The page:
The life of Hall of Famer Charles “Floyd” Rumford, Jr.

Kathie Bell
Special to the Globe
2004 Kansas Cowboy Hall of Fame Rodeo Cowboy Charles "Floyd" Rumford, Jr. SUBMITTED PHOTO

The 2004 Kansas Cowboy Hall of Fame Rodeo Cowboy is quoted: “I just always had a way with horses…when I was four years old I’d hitch up a team of horses and take my older sister to school…About that time, a first cousin of mine and I decided we were going to be cowboys.”

Charles “Floyd” Rumford, Jr., a rodeo stock contractor for over fifty years, was born December 18, 1920.

As a child he broke every mule and horse on his family’s farm. Before the age of ten, a Hutchinson sale barn hired Floyd to ride horses around the auction ring for $2.

But it wasn't until he was serving in the South Pacific during World War II he decided he was going to participate in rodeos.

Right after the War in 1947, he hit the deck running, winning the All-Around Cowboy Title at Kingman’s Cattlemen’s Rodeo. He had a reputation he could ride anything with four legs.

However, he wasn't invulnerable.

In 1949, Floyd spent three months in a hospital with a broken leg after he overturned a tractor. Although he avoided amputation, Floyd saw his rodeo career slipping away.

Before he was out of the hospital Floyd decided he would be a stock contractor and produced his first rodeo.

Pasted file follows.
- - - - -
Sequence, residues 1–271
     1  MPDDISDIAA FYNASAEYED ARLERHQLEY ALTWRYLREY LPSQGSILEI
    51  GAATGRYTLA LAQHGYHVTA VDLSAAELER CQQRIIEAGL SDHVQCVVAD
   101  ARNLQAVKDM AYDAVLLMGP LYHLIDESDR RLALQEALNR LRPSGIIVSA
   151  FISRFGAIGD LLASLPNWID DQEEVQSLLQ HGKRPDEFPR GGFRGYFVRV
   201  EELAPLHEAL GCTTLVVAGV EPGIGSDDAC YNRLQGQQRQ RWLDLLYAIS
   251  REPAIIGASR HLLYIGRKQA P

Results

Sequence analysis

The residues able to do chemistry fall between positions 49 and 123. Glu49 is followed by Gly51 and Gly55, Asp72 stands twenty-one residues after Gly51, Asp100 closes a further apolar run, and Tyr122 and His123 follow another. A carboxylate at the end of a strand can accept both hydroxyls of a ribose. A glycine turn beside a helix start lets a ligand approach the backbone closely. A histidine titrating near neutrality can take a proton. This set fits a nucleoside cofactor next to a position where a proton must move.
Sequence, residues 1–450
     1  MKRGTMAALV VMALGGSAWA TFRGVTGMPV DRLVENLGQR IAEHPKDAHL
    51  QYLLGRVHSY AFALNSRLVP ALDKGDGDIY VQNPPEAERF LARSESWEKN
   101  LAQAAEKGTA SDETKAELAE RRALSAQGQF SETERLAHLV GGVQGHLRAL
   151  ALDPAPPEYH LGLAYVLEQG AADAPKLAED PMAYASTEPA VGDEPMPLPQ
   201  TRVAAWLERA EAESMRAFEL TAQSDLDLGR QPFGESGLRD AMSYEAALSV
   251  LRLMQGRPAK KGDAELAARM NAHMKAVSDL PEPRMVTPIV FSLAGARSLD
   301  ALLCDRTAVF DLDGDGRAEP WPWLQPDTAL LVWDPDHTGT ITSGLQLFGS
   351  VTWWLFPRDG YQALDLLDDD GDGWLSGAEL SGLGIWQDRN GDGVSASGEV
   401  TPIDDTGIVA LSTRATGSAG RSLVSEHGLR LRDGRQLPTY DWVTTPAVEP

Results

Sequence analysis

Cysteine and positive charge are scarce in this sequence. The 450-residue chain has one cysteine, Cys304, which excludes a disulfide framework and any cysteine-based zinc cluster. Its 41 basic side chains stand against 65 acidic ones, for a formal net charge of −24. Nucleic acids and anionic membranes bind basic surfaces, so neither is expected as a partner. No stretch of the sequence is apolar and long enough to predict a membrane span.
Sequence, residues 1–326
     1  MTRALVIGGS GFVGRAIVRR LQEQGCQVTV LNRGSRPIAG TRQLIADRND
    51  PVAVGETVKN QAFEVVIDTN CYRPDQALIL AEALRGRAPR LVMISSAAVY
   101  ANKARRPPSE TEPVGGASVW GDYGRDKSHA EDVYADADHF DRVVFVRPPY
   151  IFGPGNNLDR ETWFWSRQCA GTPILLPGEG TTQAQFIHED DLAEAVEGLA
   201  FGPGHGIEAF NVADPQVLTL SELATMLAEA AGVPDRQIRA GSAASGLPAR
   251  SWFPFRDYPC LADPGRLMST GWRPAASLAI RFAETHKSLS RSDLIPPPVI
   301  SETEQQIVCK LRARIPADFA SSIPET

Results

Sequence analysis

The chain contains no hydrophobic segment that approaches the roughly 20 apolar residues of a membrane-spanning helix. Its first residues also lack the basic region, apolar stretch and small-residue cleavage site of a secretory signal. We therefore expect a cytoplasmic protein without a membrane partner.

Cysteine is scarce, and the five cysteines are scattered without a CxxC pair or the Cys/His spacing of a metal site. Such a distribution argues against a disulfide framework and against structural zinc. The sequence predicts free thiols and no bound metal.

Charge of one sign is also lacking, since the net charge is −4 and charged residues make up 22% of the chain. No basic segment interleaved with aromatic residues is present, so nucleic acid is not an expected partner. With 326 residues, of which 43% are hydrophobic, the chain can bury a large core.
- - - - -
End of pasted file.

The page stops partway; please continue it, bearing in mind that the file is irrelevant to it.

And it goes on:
Due to his injuries, he was unable to attend this successful event that was held in conjunction with the Sterling Saddle Club, but it paid $400 of his medical expenses.

Animals needed for competitions came from Rumford’s farm and from area RCA Stock Contractors.

The following year Floyd produced four rodeos in Kansas. Three years later, Floyd became an official rodeo stock contractor, giving rise to the Rumford Rodeo Company, which became known for its outstanding stock.

Floyd told rodeo committees if they’d bring in a horse that he couldn’t ride, he would knock $100 off his price. Sometimes he didn’t get off gracefully, but he was never bucked off.

Rodeo was a family affair for Floyd, his wife Lola and their two sons Bronc and Tommy. owned the Rumford Rodeo Company near Abbyville, Kansas. It still produces rodeos and supplies stock.

Floyd’s son Bronc said, “Rodeo was really in its infancy when Dad got started.” Floyd also helped start the Abbyville Rodeo.

At the rodeo’s first performance in 1963, Floyd rode a bronco for an enthusiastic hometown crowd.

In 1983, for the Abbyville Rodeo’s 20th Anniversary, Floyd climbed on another bronco. Ten years later, at the rodeo’s 30th Anniversary, Floyd – then seventy-years-old – again gave another crowd-pleasing bronco ride.

In 1998, the Women’s Professional Rodeo Association selected Rumford Rodeo Company as its Stock Contractor of the Year. Later that same year, Rumford passed away on May 25. Floyd, an author, poet, storyteller and rodeo cowboy, is remembered for his genuine interest in people, and his love of horses and rodeos. Floyd Rumford is buried at Memorial Park Cemetery in Hutchinson.

Floyd's children and grandchildren have continued the rodeo tradition throughout the western United States.